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Honoring Christ In Toil And Suffering- Day 2

Over at we had Latiphah Alattis talk about songwriting, but in the midst of it she grew very honest about her father’s funeral. Her father died young, all things considered, and she was a younger woman when it happened. As a Christian songwriter, the despair really sang pretty deep into her melancholy spirit and festered there. Meanwhile, the parishioners and fellow citizens all passed her by ignorant of the depths of her grief.

There in the corner of the funeral home sat an old upright piano, unloved and unused. This songwriter sat down at its keys and began to punch out minor chords, pressing and pausing, punctuating the moment with the minor mood, the black of ebony over the white ivory.

And a song came to her quicker than any song had come before or has come since. A song she sang in her youth in Sunday School. But it came out sour, it came out bitter, it came out with the longing that CS Lewis described in Surprised by Joy:

“Joy—that sharp, wonderful Stab of Longing—has a lithe, muscular lightness to it. It’s deft. It produces longing that weighs heavy on the heart, but it does so with precision and coordination…It dashes in with the agility of a hummingbird claiming its nectar from the flower, and then zips away. It pricks, then vanishes, leaving a wake of mystery and longing behind it.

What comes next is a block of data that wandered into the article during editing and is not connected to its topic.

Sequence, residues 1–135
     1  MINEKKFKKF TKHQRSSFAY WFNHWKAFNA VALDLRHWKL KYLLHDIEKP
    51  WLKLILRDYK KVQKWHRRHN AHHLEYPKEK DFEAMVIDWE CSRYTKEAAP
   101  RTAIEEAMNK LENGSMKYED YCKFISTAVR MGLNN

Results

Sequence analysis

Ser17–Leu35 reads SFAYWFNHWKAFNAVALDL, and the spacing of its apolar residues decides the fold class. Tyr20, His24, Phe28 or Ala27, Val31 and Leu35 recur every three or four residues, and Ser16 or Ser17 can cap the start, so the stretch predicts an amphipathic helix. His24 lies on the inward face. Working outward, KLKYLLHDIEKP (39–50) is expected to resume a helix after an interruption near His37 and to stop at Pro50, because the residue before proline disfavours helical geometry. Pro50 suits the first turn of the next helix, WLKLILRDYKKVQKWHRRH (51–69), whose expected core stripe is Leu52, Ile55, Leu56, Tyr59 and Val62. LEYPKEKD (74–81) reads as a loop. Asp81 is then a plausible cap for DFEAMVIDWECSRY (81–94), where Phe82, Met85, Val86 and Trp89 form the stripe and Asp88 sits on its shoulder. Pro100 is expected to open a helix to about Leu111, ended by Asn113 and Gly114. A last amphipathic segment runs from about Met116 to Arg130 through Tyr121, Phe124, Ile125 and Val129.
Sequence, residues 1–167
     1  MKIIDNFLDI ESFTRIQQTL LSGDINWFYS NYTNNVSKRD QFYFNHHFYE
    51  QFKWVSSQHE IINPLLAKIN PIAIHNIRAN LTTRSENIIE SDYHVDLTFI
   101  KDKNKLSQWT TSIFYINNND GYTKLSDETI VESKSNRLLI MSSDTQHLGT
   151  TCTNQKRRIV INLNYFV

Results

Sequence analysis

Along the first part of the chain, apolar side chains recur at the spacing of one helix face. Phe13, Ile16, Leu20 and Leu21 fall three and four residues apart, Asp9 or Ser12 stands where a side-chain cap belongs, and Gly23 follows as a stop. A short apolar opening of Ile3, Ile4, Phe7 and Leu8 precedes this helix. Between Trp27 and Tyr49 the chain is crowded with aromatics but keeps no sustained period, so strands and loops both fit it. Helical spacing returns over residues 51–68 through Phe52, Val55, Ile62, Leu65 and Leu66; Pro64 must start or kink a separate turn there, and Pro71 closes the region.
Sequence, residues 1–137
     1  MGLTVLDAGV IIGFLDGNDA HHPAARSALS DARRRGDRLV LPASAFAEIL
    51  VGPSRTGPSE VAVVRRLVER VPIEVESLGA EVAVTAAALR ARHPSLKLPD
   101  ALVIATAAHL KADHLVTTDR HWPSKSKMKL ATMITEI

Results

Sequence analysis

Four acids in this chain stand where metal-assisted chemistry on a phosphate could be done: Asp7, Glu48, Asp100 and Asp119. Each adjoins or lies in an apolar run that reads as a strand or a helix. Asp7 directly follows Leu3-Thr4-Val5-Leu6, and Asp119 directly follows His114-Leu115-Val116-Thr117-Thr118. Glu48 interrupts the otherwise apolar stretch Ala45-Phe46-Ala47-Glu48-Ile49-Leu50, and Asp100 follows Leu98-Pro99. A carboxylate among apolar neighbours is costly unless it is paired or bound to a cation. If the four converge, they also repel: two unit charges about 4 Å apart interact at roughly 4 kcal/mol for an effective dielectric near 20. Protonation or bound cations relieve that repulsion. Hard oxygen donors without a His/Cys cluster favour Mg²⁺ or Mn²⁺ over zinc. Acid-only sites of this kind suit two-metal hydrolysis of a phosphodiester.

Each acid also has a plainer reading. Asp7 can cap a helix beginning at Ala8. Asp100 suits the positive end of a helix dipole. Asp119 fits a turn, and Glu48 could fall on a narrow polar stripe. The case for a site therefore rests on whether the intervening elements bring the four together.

“It is that of an unsatisfied desire which is itself more desirable than any other satisfaction. I call it Joy, which is here a technical term and must be sharply distinguished both from happiness and from Pleasure. Joy (in my sense) has indeed one characteristic, and one only, in common with them; the fact that anyone who has experienced it will want it again. Apart from that, and considered only in its quality, it might almost equally well be called a particular kind of unhappiness or grief. But then it is a kind we want. I doubt whether anyone who has tasted it would ever, if both were in his power, exchange it for all the pleasures in the wold. But then Joy is never in our power and pleasure often is.”

The song was Joy, Joy, Joy and she sang it sad: I’ve got the joy, joy, joy, joy down in my heart, down in my heart. And I’m so happy, so very happy, I’ve got the love of Jesus in my heart.

It reminds me of Paul in Philippians. Paul, malnourished and alone. Paul, cut off from his friend. Paul, stuck chained to the wall in a Roman prison.

And wrote the book of joy.

Count it all joy brothers.

Rejoice in the Lord always, again I say rejoice.

How does grief make you long for the divine? For the true heart of all of your desires?

*For further reading in the Bible: Philippians 1; Philippians 2; Philippians 3; Philippians 4

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